Selling your home is a complicated process. It’s natural to feel overwhelmed by the magnitude of details involved, but the experience can be very manageable—and educational!—when broken down into its component parts and plotted out into steps. The following is a list of common pitfalls encountered during the home-selling process. Use these as a guide to help your journey remain a smooth one.
- Faulty Pricing:
It is essential you determine the asking price of your home based on its market value. Too many times home-sellers let emotions or needs influence their asking price, drawing from numbers based on the price paid for the house originally, or the amount of money they’ve invested in the home. This mistake may prove to be a costly one. If your home is priced significantly higher than what the market is bearing at the time, prospective buyers interested in your style of home will reject it for larger homes listed at the same price. And, those buyers who do see your house may have significantly higher expectations than what you have to offer. Ironically, over-pricing your home actually increases the chances that your home will sell for less than it is worth. Driving prospective buyers away will increase the amount of time your home stays on the market, which raises an additional red flag for buyers. They become wary of the reasons your home has not sold, thinking, and “If no one else has bought it, there must be something wrong with it.” The bottom line: price it correctly, and they will come.
Be vigilant, too, of pricing your home too low: a lack of market value awareness could result in selling your home for much less than it’s worth.
- Neglecting to showcase your home:
Take the time to ensure you’re offering the best possible first impression of your home to buyers. A few improvements done to your home before placing it on the market can increase the chances of selling quickly, and for more money. When buyers spot an area of your home in need of repair, they consider this perceived cost when deciding upon an offer price—if they haven’t already been scared away. And since buyers often aren’t sure about the cost involved for repairs, they will create a larger margin for error in their asking price. Sellers are always better off dealing with these repairs themselves.
In addition to taking care of fix-ups, make sure the house is clean and welcoming, and the yard is well-groomed.
- Choosing the wrong realtor:
Many sellers choose the realtor who tells them the highest asking price. This should never be the sole basis on which you choose a realtor—you must have confidence in the full spectrum of your realtor’s experience and abilities. Keep the following questions in mind: can this agent explain to you all aspects of the selling process? Does she/he have a good grasp of the market? Does she/he have access to a large pool of buyers and a marketing plan to attract them? An experienced realtor will usually cost the same as an inexperienced realtor, and holding out for experience could mean more security that your ultimate home-selling goals will be attained.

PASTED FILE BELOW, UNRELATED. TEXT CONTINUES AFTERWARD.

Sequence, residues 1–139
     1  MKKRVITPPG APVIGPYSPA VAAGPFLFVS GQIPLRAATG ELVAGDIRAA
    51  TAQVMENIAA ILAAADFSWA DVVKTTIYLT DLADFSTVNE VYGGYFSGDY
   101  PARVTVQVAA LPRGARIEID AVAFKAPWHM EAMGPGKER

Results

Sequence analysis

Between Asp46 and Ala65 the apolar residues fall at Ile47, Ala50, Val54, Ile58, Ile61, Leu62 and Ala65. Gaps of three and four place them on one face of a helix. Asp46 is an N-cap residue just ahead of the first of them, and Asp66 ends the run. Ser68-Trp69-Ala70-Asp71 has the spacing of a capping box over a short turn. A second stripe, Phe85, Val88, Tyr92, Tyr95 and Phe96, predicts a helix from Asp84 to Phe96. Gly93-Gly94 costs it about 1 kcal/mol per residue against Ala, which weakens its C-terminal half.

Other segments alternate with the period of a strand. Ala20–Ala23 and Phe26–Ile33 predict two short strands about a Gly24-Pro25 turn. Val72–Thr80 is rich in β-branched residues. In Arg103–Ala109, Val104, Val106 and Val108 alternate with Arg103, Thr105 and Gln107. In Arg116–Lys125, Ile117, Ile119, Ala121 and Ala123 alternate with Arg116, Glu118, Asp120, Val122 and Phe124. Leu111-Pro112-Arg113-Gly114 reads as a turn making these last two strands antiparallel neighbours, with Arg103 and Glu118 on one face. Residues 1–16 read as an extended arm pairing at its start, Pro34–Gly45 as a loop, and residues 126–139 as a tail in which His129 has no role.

- Trying to “Hard Sell” During Showing:
Buying a home can be an emotional and stressful decision, and potential home-buyers don’t want to feel pressured when viewing a home. So, let your home speak for itself. Allow potential home-buyers to comfortably view the house and property. Don’t try haggling or pointing out every improvement you’ve made. Good realtors let buyers discover the house for themselves, only pointing out features they’re sure will be of interest, and being receptive to any questions the buyers might have.
- Mistaking “Lookers” for “Buyers”:
Some people who look at your home may not be serious about buying. Many who view homes may just be getting a feel for the market, gathering ideas for “showcasing” their own home, or even just looking for decorating tips. Of the people who are looking to buy, those who do not come through a realtor can be 6 to 12 months away from buying. They may still be in the process of selling their own home, or saving money for a new one.
An experienced realtor is trained to separate the “Lookers” from the “Buyers.” Realtors should usually establish a potential buyer’s savings, credit rating, and purchasing power. If your realtor hasn’t looked into a buyer’s financial background, you should take the time to investigate. This will save you valuable time in marketing toward the wrong people.
- Limiting the marketing and advertising of the property:
A good realtor will ensure that your property is showcased and marketed in the best, most effective manner possible, employing a wide spectrum of marketing techniques. He or she should be committed to selling your property, making the effort to distinguish your home from the hundreds of other homes on the market. Most calls are received—and viewings scheduled—during business hours, so your realtor should be available to field these calls from prospective buyers. Lack of realtor availability, limited viewing times, not allowing a “For Sale” sign on your front lawn, can all affect the exposure your home gets to the pool of potential buyers, and will ultimately affect your bottom line.
- Being unaware of your rights and responsibilities:
It is essential that you are thoroughly aware of the details involved in your real estate contract. These contracts are often complex—but no matter how confusing and convoluted the language, the contract is legally binding. As soon as you sign your name, you are responsible for all of its contents. Not knowing your responsibilities could cost you thousands in repairs and inspections. Have an experienced realtor explain the contract to you, or get your lawyer to review it, before you accept.
I am the GUY that will make a difference!
Karen Guy, REALTOR®
Coldwell Banker Horizon Realty